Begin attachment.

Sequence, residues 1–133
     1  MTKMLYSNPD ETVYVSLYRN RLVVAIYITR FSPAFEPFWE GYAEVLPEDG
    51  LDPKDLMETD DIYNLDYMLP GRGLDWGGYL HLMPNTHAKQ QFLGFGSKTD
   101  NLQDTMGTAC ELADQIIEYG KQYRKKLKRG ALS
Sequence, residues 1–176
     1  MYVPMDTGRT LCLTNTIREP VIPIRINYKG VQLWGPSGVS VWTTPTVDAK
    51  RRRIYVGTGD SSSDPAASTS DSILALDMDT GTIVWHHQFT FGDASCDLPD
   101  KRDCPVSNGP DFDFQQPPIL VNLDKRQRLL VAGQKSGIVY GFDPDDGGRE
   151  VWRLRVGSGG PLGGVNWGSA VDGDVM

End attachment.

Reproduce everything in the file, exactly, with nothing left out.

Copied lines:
Sequence, residues 1–133
     1  MTKMLYSNPD ETVYVSLYRN RLVVAIYITR FSPAFEPFWE GYAEVLPEDG
    51  LDPKDLMETD DIYNLDYMLP GRGLDWGGYL HLMPNTHAKQ QFLGFGSKTD
   101  NLQDTMGTAC ELADQIIEYG KQYRKKLKRG ALS
Sequence, residues 1–176
     1  MYVPMDTGRT LCLTNTIREP VIPIRINYKG VQLWGPSGVS VWTTPTVDAK
    51  RRRIYVGTGD SSSDPAASTS DSILALDMDT GTIVWHHQFT FGDASCDLPD
   101  KRDCPVSNGP DFDFQQPPIL VNLDKRQRLL VAGQKSGIVY GFDPDDGGRE
   151  VWRLRVGSGG PLGGVNWGSA VDGDVM